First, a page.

The World and Everything in It — March 11, 2021


MARY REICHARD, HOST: Good morning!

Australia requires social media companies to pay for news content. That’s prompting a debate in the United States.

MEGAN BASHAM, HOST: Also the largest evangelical Christian adoption agency abandons long-held Biblical principles. 

Plus cotton pickin’ in Mississippi.

And commentator Cal Thomas says a nation without borders doesn’t survive for long.

REICHARD: It’s Thursday, March 11th. This is The World and Everything in It from listener-supported WORLD Radio. I’m Mary Reichard.

BASHAM: And I’m Megan Basham. Good morning!

REICHARD: Time now for the news with Kent Covington.


KENT COVINGTON, NEWS ANCHOR: House passes $1.9 trillion relief bill » House Democrats have approved President Biden’s $1.9 trillion relief bill.

AUDIO: On this vote, the yeas are 220, the nays are 211. The motion is adopted. 

The bill heads to the president’s desk, and Press Secretary Jen Psaki told reporters…

PSAKI: He will sign the bill at the White House on Friday afternoon. 

The soon-to-be law will, among other things, send money to state and local governments, provide funds for schools, child tax credits, and another round of direct stimulus payments.

Democrats say it will help the country defeat COVID-19 and nurse the economy back to health. House Speaker Nancy Pelosi: 

PELOSI: This is a momentous day in the history of our country because we have passed historic, consequential and transformative legislation. 

The Biden administration is planning an aggressive campaign to sell the public on the merits of the bill, dubbed the “American Rescue Plan.” 

But Republicans say they also intend to better educate the public about the bill. Senate Minority Leader Mitch McConnell… 

MCCONNELL: The American people need to learn more and more about it, and we’re going to see that they do that in the coming months as we talk repeatedly about the provisions in the bill that the Democrats do not want to discuss. 

He called it one of the worst pieces of legislation he has seen in his time in the Senate. Republicans say the bill is little more than a titanic liberal spending spree.

Biden announces order of 100 million additional doses of J&J vaccine » President Biden announced Wednesday that the U.S. government is stepping up its investment in the newest coronavirus vaccine. 

BIDEN: I’m directing Jeff and my HHS team to produce another 100 million doses and purchase another 100 million doses of the Johnson & Johnson vaccine.

The “Jeff” the president referred to is White House Coronavirus Response Coordinator Jeff Zients.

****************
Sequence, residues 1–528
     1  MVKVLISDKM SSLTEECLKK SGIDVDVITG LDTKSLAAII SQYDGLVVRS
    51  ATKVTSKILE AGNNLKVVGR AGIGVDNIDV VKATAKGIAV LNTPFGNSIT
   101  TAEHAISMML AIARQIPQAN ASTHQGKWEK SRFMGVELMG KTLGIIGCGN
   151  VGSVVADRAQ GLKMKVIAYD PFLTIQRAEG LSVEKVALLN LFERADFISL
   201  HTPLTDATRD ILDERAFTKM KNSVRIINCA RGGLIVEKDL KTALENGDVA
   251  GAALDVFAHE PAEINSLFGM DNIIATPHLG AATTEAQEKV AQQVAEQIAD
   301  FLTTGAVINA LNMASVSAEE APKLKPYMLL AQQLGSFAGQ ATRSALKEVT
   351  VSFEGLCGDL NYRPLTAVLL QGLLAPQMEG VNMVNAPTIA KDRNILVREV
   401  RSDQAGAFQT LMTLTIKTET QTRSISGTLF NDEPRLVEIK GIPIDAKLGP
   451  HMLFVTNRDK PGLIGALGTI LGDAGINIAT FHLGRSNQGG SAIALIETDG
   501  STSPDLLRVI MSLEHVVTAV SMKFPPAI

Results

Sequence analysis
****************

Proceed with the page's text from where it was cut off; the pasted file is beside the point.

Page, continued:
The heads of Johnson & Johnson and Merck joined President Biden at the White House for Wednesday’s announcement. 

A new partnership between the rival companies should enable faster production of the J&J vaccine. Merck CEO Ken Frazier… 

FRAZIER: In these extraordinary times, we are colleagues, not competitors. 

President Biden reaffirmed his recent timeline. He believes all Americans will have access to coronavirus vaccines by the end of May. 

Senate confirms Garland as attorney general » The Senate on Wednesday confirmed Merrick Garland as U.S. attorney general. WORLD’s Anna Johansen Brown has more. 

ANNA JOHANSEN BROWN, REPORTER: On a vote of 70 to 30, the veteran federal appeals court judge was confirmed and will take the reins at the Justice Department. 

During his confirmation hearing, Garland said his first priority will be the prosecution of those who participated in the Jan. 6th siege on the U.S. Capitol. 

Some Republican senators backed his confirmation, including GOP Leader Mitch McConnell, who cited what he called Garland’s long reputation as a straight shooter. But Arkansas Sen. Tom Cotton was among the Republicans voting “no.” He said he believes Garland will be too soft on crime. 

Reporting for WORLD, I’m Anna Johansen Brown. 

Senate confirms HUD, EPA nominees » The Senate also confirmed two other Biden nominees on Wednesday.

Ohio Congresswoman Marcia Fudge will head the Department of Housing and Urban Development.

AUDIO: 66 yeas, 34 nays. The nomination is confirmed. 

That puts Fudge in charge of the agency just as Congress passed new benefits for renters and homeowners amid the pandemic.

Fudge is a former mayor in suburban Cleveland. She’s served in Congress since 2008. 

Lawmakers also signed off President Biden’s pick to head the Environmental Protection Agency. On a vote of 66 to 34, the Senate confirmed North Carolina regulator Michael Regan as EPA administrator. 

China, Russia working together to build lunar research station » China and Russia will work together to build a lunar research station, possibly on the surface of the moon. WORLD’s Kristen Flavin has details. 

KRISTEN FLAVIN, REPORTER: China’s National Space Administration announced the joint project on Wednesday. It said the International Lunar Research Station will be built either on the moon’s surface or in lunar orbit and it will be open to use by other countries. 

It gave no timeline for its construction.

In its early years, the Chinese space program relied heavily on cooperation with Russia, but it has since charted its own course. 

It has already launched two smaller experimental space stations and placed a rover on the far side of the moon. It also expects to land a rover on the surface of Mars in the coming months. If it succeeds, China would become only the second country after the United States to do so.

China is also planning four crewed missions this year to work on its first permanent orbiting space station.

Reporting for WORLD, I’m Kristen Flavin.

I’m Kent Covington.

Straight ahead: Australia’s fight with Facebook.

Plus, Cal Thomas on immigration and America’s future.

This is The World and Everything in It.


MARY REICHARD, HOST: It’s Thursday the 11th day of March, 2021.

Glad to have you along for today’s edition of The World and Everything in It. Good morning, I’m Mary Reichard.

MEGAN BASHAM, HOST: And I’m Megan Basham. 

First up, unfriending Australia.